New Competitors Set Up Check-Cashing Counters
Lucrative margins and growing volumes attract large companies
A RACE could soon be under way between Southland Corporation and Western Union to see which company will be the first to take the booming but oft-maligned business of check cashing nationwide.
At the moment the check-cashing industry consists of 5,000 stores that are individually owned or members of small chains. The Federal Reserve Bank of Kansas City made what it called a conservative estimate of the industry's 1990 activity: $790 million in cashing fees on 150 million checks worth $45 billion.
Check-cashing businesses in Illinois earned a return of 9.12 percent on their assets between 1988 and 1991. Other service businesses with similar capitalization earned an average 4.62 percent, says John Binder, an economist at the University of Illinois in Chicago.
Little wonder that the number of check cashers is growing at an estimated 10 percent annual rate, or that big companies want a chunk of the action.
Southland Corporation, which had 1991 revenues of $8 billion from its 7-Eleven convenience store chain, by last month had begun testing a "Service Center" concept at five existing stores in Austin. The Dallas-based company operates more than 6,200 stores in North America and licenses another 7,400 worldwide.
Southland spokeswoman Karen Raskopf says that check cashing is one of the additional products and services that customers have asked 7-Eleven to offer. Service centers are part of the company's come-from-behind strategy. In 1987 Southland was taken private. But carrying the $4 billion in debt became difficult as the economy softened and gasoline retailers moved into the convenience store business.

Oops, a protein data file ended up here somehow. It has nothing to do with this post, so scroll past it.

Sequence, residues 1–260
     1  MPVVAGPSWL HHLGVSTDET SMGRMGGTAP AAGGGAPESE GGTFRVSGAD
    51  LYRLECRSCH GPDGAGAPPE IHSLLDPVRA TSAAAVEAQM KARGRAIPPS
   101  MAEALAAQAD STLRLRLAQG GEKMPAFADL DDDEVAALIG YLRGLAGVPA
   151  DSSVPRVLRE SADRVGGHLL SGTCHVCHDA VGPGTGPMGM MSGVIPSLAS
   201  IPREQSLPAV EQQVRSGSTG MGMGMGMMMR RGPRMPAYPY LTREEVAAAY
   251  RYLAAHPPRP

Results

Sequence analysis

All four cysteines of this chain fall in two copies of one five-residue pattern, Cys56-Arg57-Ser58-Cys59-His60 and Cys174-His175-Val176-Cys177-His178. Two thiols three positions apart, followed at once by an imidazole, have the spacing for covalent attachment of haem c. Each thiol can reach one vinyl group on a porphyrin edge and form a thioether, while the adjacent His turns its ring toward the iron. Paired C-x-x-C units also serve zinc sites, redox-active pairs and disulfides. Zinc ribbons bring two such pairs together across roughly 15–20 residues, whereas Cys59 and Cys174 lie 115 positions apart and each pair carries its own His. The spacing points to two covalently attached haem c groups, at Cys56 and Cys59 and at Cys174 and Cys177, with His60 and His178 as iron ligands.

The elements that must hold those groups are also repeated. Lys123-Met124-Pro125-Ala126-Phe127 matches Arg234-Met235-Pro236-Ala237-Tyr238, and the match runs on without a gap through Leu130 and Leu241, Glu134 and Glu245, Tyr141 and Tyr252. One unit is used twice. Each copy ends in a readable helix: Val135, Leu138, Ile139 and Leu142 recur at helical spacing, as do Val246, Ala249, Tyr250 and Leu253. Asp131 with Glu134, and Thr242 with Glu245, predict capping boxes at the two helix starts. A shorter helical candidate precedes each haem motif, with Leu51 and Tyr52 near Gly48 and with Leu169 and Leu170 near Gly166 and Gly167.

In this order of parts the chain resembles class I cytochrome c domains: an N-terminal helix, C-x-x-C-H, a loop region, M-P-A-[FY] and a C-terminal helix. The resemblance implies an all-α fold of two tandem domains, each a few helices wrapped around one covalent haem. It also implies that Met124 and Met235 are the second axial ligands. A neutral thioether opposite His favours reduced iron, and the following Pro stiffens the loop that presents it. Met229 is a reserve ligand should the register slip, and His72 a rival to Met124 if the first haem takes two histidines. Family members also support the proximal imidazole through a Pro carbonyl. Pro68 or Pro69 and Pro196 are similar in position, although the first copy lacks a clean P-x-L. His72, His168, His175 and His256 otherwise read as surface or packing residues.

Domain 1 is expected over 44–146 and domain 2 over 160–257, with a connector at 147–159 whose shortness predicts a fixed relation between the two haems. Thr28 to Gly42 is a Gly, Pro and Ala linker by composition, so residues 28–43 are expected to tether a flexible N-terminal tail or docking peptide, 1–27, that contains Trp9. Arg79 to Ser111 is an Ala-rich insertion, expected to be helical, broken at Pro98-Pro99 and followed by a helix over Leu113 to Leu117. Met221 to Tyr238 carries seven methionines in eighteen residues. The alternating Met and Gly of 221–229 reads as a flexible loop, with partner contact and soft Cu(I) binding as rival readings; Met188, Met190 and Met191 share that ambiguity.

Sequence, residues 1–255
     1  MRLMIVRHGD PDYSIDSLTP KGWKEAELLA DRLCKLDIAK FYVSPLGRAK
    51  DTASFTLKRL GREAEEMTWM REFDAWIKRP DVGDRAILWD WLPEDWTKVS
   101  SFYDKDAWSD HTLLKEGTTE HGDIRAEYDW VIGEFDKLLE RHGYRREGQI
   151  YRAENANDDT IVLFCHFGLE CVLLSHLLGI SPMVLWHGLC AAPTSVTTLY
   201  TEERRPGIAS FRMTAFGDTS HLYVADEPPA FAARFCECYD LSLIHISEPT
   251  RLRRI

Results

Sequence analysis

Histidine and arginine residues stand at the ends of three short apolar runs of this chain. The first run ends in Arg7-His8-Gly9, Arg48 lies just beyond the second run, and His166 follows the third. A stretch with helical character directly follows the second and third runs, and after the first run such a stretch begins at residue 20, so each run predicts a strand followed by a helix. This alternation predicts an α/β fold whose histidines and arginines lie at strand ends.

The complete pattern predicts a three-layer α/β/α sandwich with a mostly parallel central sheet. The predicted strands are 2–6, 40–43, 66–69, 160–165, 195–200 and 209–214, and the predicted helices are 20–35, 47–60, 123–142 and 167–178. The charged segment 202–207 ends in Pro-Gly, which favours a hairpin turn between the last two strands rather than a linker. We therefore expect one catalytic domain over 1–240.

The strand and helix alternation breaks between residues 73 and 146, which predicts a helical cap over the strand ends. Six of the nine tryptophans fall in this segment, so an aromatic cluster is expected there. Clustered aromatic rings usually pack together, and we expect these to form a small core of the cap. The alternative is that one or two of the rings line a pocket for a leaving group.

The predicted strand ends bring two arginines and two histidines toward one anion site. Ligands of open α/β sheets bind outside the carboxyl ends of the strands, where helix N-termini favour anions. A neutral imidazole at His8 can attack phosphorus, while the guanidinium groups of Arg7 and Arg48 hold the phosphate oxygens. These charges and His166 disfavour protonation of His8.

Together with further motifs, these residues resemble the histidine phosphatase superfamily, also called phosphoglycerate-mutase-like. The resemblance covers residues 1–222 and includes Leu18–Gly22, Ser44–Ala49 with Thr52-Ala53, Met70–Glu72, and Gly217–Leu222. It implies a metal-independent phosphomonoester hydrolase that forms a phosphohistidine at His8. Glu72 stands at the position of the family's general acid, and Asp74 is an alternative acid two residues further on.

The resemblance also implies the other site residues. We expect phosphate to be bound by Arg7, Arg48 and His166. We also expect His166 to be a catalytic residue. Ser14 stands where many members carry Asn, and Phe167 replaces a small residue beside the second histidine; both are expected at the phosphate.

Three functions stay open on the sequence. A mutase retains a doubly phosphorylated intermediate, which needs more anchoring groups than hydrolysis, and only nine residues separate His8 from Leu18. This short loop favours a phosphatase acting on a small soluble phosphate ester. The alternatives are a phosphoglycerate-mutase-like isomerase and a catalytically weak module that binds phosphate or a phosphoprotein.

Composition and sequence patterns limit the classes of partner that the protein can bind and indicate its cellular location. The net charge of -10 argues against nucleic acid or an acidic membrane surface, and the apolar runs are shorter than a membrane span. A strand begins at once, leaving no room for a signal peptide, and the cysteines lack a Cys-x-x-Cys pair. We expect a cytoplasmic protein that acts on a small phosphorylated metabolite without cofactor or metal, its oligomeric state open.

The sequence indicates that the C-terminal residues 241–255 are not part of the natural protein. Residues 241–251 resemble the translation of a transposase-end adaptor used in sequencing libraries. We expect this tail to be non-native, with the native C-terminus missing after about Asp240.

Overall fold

"We had a whole lot of competition with deep pockets," recalls Cecilia Norwood, a spokeswoman for Southland.
Check cashing is also on the menu of New Valley Corporation, a $450 million company whose primary subsidiary is New Jersey-based Western Union Financial Services Inc.
Western Union began opening Gold Star Check Cashing outlets in the San Francisco-Oakland area in August 1991. The new company is a joint venture with Thomas Nix Distributor Inc., a 25-year-old check-cashing chain operating in southern California.
Warren Bechtel, a spokesman for Western Union, says the company has established 10 of the 20 Gold Star outlets originally planned. "The stores have been doing well," he says. "If we're pleased with the results of the operation, we would expect to extend it to other areas," but not before next year.
In that event, Mr. Bechtel's company expects that the "Western Union Financial Center" subtitle on Gold Star's signs will give the business name recognition. There's a similar profile for customers of check-cashing services and those who use Western Union to wire money to worldwide locations, he adds.
Stephen Brobeck, executive director of the Consumer Federation of America, is critical of the check-cashing industry in general. Some charge "exorbitant" rates of 10 percent of the face value. Even a 2 percent fee is likely to be more than the cost of maintaining a checking account, he says.
According to the Southland Corporation, market research has found that two-thirds of the people who use check cashers do in fact have a checking account. As for 7-Eleven's check-cashing fee, "We're not into insult pricing," she says. "We want to attract people to us."
7-Eleven charges 1 percent of the face value of third-party checks, and 5 percent on personal checks. Mr. Brobeck acknowledges that a higher fee on personal checks is warranted because the casher's risk is higher.
Brobeck says that states need to regulate the check-cashing industry effectively. New York caps the fees at 1 percent of the face value of government-issued checks. The Illinois Department of Financial Institutions is weighing whether to lower the cap on fees. The maximum in Illinois currently is 90 cents plus 1.2 percent of the check's face value.